On our commitment card we were very specific. We said we would cut the costs to students at tertiary education starting with a fairer loan system – and we have done that. We have done it massively. It is costing us over $420 million over four years to make that scheme fairer. But we have done it in the belief that we will over time attract more people into education and training if the cost is seen to be fair.

There is also almost $110 million extra over four years going into tertiary fees stabilisation. Believe me that is a huge change. If you look at the fee increases over recent years in our tertiary institutions they are horrific, and I don’t blame the institutions. The last government had a sinking lid on investment per student in tertiary education and the families and the kids were paying for it. We are aiming to stabilise the fees.

One element of the budget which had almost no pre-publicity but which I want to congratulate the Minister of Health and the Minister of Finance on today is the spending in the health area, which is simply phenomenal.

I acknowledge that in the run-up to the last election the National Party in a panic decided to increase the baseline health funding and that was certainly useful. But we have gone better than that. On top of that we are able to put in another $74 million a year to elective surgery and there is huge progress now able to be made in mental health funding.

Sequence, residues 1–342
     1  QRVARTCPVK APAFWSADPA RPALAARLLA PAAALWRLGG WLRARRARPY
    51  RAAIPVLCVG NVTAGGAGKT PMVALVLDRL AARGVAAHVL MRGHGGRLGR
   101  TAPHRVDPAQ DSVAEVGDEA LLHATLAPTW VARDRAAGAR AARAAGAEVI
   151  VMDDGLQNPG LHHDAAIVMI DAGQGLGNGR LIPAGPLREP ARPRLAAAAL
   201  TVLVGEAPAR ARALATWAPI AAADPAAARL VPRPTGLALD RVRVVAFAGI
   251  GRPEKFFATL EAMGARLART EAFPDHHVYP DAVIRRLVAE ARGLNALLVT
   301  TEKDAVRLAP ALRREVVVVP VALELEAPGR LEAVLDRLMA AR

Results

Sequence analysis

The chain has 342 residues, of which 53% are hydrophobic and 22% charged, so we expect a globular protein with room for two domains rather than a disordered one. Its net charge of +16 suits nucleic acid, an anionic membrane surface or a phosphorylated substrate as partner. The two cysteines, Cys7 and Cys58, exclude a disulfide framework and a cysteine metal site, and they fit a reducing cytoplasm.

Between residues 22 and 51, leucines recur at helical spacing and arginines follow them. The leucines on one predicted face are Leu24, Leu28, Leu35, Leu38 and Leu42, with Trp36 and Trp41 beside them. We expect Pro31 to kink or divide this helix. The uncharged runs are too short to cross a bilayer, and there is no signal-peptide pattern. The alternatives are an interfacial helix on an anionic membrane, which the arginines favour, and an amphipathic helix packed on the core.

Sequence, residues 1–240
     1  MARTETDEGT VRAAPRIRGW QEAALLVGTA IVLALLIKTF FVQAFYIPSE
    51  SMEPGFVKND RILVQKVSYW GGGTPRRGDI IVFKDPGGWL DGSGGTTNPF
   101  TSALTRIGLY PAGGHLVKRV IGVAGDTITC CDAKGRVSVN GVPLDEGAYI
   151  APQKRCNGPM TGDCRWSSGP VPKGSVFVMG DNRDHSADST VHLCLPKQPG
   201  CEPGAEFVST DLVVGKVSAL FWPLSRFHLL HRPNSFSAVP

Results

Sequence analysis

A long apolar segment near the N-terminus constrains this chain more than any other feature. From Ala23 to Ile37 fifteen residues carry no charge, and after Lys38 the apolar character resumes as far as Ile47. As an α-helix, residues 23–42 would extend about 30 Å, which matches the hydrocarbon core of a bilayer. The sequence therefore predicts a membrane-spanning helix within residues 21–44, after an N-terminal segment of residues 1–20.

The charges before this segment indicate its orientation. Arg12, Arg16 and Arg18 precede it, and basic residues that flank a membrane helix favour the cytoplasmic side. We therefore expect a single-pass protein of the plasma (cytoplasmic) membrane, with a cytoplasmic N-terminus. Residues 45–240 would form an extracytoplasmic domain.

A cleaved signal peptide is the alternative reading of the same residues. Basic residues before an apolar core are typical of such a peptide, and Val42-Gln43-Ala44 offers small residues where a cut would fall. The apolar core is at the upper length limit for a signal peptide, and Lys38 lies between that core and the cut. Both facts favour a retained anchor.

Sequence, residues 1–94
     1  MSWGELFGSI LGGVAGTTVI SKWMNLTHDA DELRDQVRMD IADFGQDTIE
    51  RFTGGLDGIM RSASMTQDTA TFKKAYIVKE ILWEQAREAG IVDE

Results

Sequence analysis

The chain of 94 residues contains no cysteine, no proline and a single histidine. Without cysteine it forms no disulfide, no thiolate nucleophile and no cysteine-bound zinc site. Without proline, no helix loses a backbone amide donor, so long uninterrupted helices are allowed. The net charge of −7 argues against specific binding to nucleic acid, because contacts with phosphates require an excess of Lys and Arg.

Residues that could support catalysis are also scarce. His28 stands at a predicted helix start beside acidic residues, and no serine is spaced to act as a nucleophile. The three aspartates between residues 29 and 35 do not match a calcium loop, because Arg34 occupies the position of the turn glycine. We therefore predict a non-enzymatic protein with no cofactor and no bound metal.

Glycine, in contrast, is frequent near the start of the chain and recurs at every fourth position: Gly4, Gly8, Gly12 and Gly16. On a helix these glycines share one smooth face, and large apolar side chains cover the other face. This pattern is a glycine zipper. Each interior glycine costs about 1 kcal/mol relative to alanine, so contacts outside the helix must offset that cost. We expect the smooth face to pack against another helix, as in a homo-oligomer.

Let’s think of that in terms of what it does for ordinary New Zealanders. I have been associated, as has David Cunliffe, the Member for Titirangi, with a family whose son was killed by a mentally ill person who was not properly supported in the community. That family has petitioned this Parliament to ask for the Mental Health Commission’s Blueprint to be implemented so that no family ever suffers like their one does again because of gaps in services.

I believe that what the Minister of Health and the Minister of Finance have delivered today in the budget for mental health, which is $257 million more over the next four years, is going to enable us to make huge progress in seeing that the mentally ill citizens of this country have their needs properly met. That is long overdue.

There has been a lot of publicity before the budget about other core areas of the commitment card. There was the pledge to the superannuitants that this government would make good the pledge of the 1993 Superannuation Accord to keep the married base rate for superannuation at no less than sixty-five per cent of the net, average, ordinary-time weekly wage. The last government was prepared to let that fall to sixty per cent and see considerable hardship develop among our superannuitants.